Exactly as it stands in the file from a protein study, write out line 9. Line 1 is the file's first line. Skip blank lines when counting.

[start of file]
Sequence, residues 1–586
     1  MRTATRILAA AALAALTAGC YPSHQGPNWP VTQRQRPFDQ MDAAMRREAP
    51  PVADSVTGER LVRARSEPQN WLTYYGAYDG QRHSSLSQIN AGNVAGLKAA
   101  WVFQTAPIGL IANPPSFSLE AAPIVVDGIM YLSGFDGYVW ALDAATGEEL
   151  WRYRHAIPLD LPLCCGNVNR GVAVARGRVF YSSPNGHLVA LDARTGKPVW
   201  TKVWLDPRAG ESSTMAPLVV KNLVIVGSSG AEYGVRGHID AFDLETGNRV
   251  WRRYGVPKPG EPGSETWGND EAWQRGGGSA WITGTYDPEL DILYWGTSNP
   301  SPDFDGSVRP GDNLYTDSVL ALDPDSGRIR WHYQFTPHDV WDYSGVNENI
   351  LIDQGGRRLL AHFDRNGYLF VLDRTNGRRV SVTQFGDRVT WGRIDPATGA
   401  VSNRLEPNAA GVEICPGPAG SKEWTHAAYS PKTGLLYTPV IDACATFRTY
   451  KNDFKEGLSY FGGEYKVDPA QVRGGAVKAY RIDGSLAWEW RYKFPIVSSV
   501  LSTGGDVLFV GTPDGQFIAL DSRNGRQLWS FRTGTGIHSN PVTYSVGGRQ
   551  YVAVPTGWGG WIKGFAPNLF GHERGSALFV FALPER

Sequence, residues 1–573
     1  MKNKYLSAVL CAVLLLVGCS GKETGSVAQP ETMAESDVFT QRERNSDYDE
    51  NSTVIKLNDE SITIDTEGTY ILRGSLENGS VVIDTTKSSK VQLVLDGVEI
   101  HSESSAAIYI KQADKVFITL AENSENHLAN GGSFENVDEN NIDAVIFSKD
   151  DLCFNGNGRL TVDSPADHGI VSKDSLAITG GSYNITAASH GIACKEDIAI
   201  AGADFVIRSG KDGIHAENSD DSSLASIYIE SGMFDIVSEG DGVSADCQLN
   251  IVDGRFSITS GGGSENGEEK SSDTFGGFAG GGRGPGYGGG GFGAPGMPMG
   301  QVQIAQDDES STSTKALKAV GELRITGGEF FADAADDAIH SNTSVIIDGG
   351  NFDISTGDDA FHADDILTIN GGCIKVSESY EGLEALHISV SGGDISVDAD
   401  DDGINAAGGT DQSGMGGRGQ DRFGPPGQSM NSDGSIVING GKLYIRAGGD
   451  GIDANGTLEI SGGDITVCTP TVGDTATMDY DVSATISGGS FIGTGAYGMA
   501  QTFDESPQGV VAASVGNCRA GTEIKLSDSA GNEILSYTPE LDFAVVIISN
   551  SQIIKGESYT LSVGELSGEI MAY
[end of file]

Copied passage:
   351  LIDQGGRRLL AHFDRNGYLF VLDRTNGRRV SVTQFGDRVT WGRIDPATGA